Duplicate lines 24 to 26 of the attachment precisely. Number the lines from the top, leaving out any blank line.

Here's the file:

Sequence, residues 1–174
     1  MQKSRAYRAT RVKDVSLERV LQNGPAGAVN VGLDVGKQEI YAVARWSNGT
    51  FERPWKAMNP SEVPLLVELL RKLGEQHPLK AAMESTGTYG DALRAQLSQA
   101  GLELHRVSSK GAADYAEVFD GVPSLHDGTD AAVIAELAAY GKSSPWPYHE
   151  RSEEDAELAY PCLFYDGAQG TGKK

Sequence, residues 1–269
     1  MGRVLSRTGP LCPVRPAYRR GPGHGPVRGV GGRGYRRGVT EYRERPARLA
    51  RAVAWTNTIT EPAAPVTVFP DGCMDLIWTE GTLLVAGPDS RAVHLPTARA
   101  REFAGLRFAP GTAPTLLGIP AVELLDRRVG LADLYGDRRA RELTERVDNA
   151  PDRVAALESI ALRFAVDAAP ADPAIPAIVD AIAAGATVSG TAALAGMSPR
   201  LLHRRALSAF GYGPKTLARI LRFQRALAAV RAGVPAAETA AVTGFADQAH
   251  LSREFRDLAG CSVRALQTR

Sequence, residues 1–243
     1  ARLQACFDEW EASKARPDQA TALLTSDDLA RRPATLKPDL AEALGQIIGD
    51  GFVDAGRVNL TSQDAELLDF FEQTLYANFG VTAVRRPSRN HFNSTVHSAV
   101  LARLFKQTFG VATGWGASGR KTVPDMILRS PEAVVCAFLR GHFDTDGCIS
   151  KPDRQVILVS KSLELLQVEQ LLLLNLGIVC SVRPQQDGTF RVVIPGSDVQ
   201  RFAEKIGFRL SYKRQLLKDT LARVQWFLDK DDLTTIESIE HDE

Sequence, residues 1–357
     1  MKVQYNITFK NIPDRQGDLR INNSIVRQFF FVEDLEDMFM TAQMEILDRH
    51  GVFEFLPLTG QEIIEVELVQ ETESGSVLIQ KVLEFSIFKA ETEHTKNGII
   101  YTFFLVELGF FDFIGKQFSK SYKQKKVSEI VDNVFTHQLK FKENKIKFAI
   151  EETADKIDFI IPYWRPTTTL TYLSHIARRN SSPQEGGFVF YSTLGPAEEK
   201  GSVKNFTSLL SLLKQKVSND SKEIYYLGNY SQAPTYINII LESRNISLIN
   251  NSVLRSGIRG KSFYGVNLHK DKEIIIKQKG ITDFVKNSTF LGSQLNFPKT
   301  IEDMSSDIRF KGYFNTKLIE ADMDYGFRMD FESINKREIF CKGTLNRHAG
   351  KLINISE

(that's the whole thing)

   201  GSVKNFTSLL SLLKQKVSND SKEIYYLGNY SQAPTYINII LESRNISLIN
   251  NSVLRSGIRG KSFYGVNLHK DKEIIIKQKG ITDFVKNSTF LGSQLNFPKT
   301  IEDMSSDIRF KGYFNTKLIE ADMDYGFRMD FESINKREIF CKGTLNRHAG